If you’ve driven around Ottawa with your eyes open, you’ve seen sumac. The small gnarly shrubs with feathery canopies of toothy leaves and bright-red berry clusters, which ripen from late summer to early fall, add their own special aesthetic to our roadsides.
Odds are you’ve even eaten sumac before. The only way you haven’t is if you happen to be that one outlier who’s never stepped foot into one of our many Middle Eastern restaurants. Sumac is the dark red powder, which finds its way onto nearly every plate, giving it a hint of beautifully perfumed tartness. It functions the same way a squirt of lemon would to finish off a dish. Shawarma, fattoush, hummus, kebabs and the rest of the items on the menu often get mixed up with this wonderful spice either on its own or as part of Za’atar — a herb and spice blend of sumac, thyme and sesame seeds.
And yet it doesn't seem as though anyone’s parking on the side of highway to pick sumac for their restaurant. The sumac available in the spice aisle is not our native staghorn sumac — Rhus typhina — but rather Rhus coriaria, which is native to Southern Europe, the Caucasus, the Middle East and parts of Northern Africa. That doesn’t mean that you can’t use staghorn sumac as a local substitute though you may want to find a source that isn’t constantly drinking up the exhaust of our daily commutes.
Harvesting: Rain is for mushrooms; sunshine is for flowers
When you find the perfect sumac patch, try to plan your harvest to avoid rain. As with most flowers, the perfume is most potent in hot, dry weather and tends to get washed out by rain.
And if you’re wondering if the little hairy berries are ripe, give them a taste. If the tartness of the berries makes your face pucker like a baby’s first taste of lemon — you’re good to go. Just clip the clusters and make your way to the kitchen.
Wet: The easy preparation
The easiest thing to do with fresh sumac berries is to crush them with a mortar and pestle, add water and let them soak before straining through cheesecloth or a fine-mesh sieve. How much water and how long should it soak? It all depends on what you want to do with it.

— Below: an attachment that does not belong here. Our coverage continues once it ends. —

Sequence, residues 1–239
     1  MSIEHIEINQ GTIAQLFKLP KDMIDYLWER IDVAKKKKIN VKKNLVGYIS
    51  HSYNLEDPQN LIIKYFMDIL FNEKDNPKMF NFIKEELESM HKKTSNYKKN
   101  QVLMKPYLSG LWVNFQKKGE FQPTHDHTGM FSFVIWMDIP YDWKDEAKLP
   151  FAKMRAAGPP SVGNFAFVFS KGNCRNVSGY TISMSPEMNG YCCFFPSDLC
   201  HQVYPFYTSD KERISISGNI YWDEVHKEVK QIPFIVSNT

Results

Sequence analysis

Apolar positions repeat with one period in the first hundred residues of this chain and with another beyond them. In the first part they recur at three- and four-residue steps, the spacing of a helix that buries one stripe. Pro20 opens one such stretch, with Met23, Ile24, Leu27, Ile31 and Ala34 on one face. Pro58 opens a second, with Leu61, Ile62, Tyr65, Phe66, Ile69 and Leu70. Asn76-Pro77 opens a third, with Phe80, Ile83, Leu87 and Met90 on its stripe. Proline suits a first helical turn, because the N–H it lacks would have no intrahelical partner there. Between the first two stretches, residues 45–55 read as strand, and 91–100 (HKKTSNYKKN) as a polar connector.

If there was such a thing as a mainstream recipe for fresh sumac berries, it would be sumac-ade or wild pink lemonade. Just don’t call it roadside weed juice — no one will drink it.
Like lemonade, all you have to do to make sumac-ade is dilute sumac juice with water and add boatloads of sugar or honey. Alhough you could find recipes for exact quantities, it really depends on taste. If your palate prefers sweet to sour, one sumac cluster per one-litre jug of juice does the trick. Add ice, sweeten to taste and enjoy. If some rum and mint happen to fall in, call it a mojito. After all, you're an adult.
Following the same logic, if your water to berry ratio is lower, you’ll have a more concentrated juice. Use this concentrated juice anywhere you’d use citrus — drizzled on freshly grilled fish, mixed with oil in your next vinaigrette or added to salsa fresca. There are no rules.
Dry: the slightly less easy preparation
So you’ve tasted sumac-ade and convinced everyone in your house to drizzle sumac juice on the freshly caught walleye instead of lemon juice. Heck, you even went so far as to use it to make a ceviche of brook trout, radishes, cucumber, Serrano chile and pickled white onions. But sumac season is almost over and you just can’t kick the habit. Fret not. There is an easy solution.
To dry herbs, you simply tie them up, hang them somewhere warm and breezy and you'll have dried herbs all winter long, but sumac berries are heftier, requiring proper dehydration. You could separate the berries from the cluster and pop them into an electric dehydrator. But let’s say you don’t have an electric dehydrator. There is a good chance you have a car and the late summer sun on your side. Put these two together and, lo and behold, you have yourself a solar dehydrator.
Granted, everyone will think you’re weird for using your car as a solar dehydrator, but everyone knows how hot it can get in there. Turns out, it’s kind of perfect for dehydrating all manner of food products. Fat stalks of rhubarb dehydrated on a car dash can and has been done, so put your inhibitions aside. On a sunny day, hang your sumac clusters in your car or separate the berries and place them on paper towels on your dash. Next thing you know, they’ll be as dry as your mother-in-law’s Thanksgiving turkey.
The final step is to rub the dried berries in a fine-meshed sieve until all you have left are the seeds which can be bitter, so best left out. What you’ll have is a dark red powder perfect for adding a bit of zing to your dishes. If it happens to be a Middle Eastern dish, great; if not, add it anyway.